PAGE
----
If you want to reset the node system configuration back to the defaults, update your configuration file with empty values for the kubelet and sysctl. For example:

kubeletConfig: {}
linuxConfig:
  sysctl: {}

Deleting a node system configuration

To remove a node system configuration:

  1. Create a node pool.
  2. Migrate your workloads to the new node pool.
  3. Delete the node pool that has the old node system configuration.

Kubelet configuration options

The following table shows you the kubelet options that you can modify.

Kubelet config settings Restrictions Default setting Description
cpuManagerPolicy Value must be none or static none This setting controls the kubelet's CPU Manager Policy. The default value is none which is the default CPU affinity scheme, providing no affinity beyond what the OS scheduler does automatically.

Setting this value to static allows Pods in the Guaranteed QoS class with integer CPU requests to be assigned exclusive use of CPUs.
cpuCFSQuota Value must be true or false true This setting enforces the Pod's CPU limit. Setting this value to false means that the CPU limits for Pods are ignored.

Ignoring CPU limits might be desirable in certain scenarios where Pods are sensitive to CPU limits. The risk of disabling cpuCFSQuota is that a rogue Pod can consume more CPU resources than intended.
cpuCFSQuotaPeriod Value must be a duration of time "100ms" This setting sets the CPU CFS quota period value, cpu.cfs_period_us, which specifies the period of how often a cgroup's access to CPU resources should be reallocated. This option lets you tune the CPU throttling behavior.
podPidsLimit Value must be must be between 1024 and 4194304 none This setting sets the maximum number of process IDs (PIDs) that each Pod can use.

Sysctl configuration options

To tune the performance of your system, you can modify the following Kernel attributes:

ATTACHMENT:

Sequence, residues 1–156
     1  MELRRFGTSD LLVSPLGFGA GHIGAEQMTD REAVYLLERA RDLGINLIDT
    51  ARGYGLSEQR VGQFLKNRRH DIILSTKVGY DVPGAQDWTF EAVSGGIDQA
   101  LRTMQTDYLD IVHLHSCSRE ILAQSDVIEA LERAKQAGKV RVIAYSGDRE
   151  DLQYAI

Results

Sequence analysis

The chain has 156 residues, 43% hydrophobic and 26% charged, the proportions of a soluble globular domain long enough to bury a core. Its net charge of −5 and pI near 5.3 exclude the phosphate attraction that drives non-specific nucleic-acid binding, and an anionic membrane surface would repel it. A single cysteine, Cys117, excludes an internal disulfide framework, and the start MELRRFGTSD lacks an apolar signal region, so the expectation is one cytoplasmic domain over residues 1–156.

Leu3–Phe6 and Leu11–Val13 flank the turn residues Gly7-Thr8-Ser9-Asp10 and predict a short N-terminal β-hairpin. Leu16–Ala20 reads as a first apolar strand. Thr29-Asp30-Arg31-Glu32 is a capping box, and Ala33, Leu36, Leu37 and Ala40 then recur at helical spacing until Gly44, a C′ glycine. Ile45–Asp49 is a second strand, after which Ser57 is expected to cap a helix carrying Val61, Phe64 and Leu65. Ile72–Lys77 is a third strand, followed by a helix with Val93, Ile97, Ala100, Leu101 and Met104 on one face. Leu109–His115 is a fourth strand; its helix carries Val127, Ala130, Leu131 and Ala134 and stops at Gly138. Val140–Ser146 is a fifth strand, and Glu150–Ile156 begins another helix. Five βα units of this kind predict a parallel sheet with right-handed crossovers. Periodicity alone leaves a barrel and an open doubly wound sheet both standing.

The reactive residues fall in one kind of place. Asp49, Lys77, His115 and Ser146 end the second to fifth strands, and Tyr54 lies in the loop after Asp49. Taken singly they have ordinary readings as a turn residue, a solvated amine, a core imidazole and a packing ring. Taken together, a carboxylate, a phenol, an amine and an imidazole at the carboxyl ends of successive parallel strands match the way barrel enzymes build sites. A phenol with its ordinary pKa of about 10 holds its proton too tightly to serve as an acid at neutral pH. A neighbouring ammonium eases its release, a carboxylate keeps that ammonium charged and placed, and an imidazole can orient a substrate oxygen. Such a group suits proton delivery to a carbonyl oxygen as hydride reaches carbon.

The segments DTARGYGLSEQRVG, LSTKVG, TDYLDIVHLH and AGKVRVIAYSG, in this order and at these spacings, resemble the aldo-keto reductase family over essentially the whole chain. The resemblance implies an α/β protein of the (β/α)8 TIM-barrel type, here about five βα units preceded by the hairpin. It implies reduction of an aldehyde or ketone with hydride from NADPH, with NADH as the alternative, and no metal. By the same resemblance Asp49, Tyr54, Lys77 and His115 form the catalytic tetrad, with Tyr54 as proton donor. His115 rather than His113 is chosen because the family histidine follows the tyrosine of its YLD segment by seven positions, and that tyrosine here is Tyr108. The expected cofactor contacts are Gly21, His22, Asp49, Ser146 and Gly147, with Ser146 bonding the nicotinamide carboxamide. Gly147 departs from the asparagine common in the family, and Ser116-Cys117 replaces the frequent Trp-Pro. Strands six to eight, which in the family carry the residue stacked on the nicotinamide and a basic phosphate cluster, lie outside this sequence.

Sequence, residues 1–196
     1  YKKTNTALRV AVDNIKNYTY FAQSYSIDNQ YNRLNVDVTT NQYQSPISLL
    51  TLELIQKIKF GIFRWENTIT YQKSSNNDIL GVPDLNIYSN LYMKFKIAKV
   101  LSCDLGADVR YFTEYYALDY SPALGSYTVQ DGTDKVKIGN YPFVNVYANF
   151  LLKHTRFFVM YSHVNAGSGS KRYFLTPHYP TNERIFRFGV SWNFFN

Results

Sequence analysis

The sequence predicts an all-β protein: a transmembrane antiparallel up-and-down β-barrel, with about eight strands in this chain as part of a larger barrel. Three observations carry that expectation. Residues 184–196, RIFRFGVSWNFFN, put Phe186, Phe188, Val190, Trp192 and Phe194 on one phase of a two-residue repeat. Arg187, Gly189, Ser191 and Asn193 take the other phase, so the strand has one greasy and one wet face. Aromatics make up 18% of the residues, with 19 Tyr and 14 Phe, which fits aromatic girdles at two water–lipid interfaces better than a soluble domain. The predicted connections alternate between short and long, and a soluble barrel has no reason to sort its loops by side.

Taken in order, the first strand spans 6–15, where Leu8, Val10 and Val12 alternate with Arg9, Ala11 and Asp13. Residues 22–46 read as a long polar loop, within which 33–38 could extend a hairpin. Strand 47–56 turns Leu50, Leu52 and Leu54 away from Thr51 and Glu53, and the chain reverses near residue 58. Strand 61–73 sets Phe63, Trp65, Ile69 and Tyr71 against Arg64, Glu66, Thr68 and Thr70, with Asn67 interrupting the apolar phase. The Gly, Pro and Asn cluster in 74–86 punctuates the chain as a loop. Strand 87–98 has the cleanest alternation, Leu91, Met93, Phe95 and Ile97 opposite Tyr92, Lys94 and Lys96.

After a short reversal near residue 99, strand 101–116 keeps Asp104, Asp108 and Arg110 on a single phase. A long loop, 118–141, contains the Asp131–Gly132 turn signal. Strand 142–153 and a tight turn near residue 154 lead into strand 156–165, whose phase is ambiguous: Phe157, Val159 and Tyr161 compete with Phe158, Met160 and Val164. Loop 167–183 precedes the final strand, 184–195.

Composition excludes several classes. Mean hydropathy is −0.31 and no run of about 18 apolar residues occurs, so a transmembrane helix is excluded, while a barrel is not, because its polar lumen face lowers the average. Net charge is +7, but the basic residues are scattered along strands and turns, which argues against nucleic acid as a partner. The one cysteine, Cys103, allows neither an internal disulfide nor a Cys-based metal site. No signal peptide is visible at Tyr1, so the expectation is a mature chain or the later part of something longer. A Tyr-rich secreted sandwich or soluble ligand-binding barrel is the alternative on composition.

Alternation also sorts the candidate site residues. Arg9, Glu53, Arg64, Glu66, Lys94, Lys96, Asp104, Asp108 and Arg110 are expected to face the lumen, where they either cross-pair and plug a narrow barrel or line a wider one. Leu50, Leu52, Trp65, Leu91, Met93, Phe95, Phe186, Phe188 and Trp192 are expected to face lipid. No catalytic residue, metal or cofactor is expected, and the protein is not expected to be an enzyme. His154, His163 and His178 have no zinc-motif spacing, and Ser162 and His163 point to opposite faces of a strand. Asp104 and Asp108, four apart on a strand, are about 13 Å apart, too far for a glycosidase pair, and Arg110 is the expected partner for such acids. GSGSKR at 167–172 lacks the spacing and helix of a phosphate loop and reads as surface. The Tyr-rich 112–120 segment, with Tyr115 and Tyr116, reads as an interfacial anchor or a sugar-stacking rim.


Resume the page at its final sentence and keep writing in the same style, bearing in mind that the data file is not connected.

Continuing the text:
• net.core.busy_poll
  • net.core.busy_read
  • net.core.netdev_max_backlog
  • net.core.rmem_max
  • net.core.wmem_default
  • net.core.wmem_max
  • net.core.optmem_max
  • net.core.somaxconn
  • net.ipv4.tcp_rmem
  • net.ipv4.tcp_wmem
  • net.ipv4.tcp_tw_reuse
  • net.ipv6.conf.all.disable_ipv6
  • net.ipv6.conf.default.disable_ipv6

To learn more about these attributes, see the Linux Kernel sysctl documentation.

Different Linux namespaces might have unique values for a given sysctl, while others are global for the entire node. Updating sysctl options by using a node system configuration ensures that the sysctl is applied globally on the node and in each namespace, resulting in each Pod having identical sysctl values in each Linux namespace.

Linux cgroup mode configuration options

The kubelet and the container runtime use Linux kernel cgroups for resource management such as limiting how much CPU or memory each container in a Pod can access. There are two versions of the cgroup subsystem in the kernel: cgroupv1 and cgroupv2. Kubernetes support for cgroupv2 was introduced as alpha in Kubernetes v1.18, beta in v1.22, and GA in v1.25. For more details, refer to the Kubernetes cgroups v2 documentation.

Node system configuration lets you customize the cgroup configuration of your node pools. You can use cgroupv1 or cgroupv2. By default, GKE uses cgroupv1. You can use node system configuration to change the setting for a node pool to cgroupv2 instead.

For example, to configure your node pool to use cgroupv2, use a node system configuration file such as:

linuxConfig:
  cgroupMode: 'CGROUP_MODE_V2'

The supported cgroupMode options are:

  • CGROUP_MODE_V1: Use cgroupv1 on the node pool.
  • CGROUP_MODE_V2: Use cgroupv2 on the node pool.
  • CGROUP_MODE_UNSPECIFIED: Use the default GKE cgroup configuration.

To use cgroupv2, the following requirements and limitations apply:

  • Your cluster and node pools must run GKE version 1.24.2-gke.300 or later.
  • You must use the Container-Optimized OS with containerd node image.
  • If any of your workloads depend on reading the cgroup filesystem (/sys/fs/cgroup/...), ensure they are compatible with the cgroupv2 API.
    • Ensure any monitoring or third-party tools are compatible with cgroupv2.
  • If you use JDK (Java workload), prefer to use JDK 11.0.16 and later or JDK 15 and later, which fully support cgroupv2.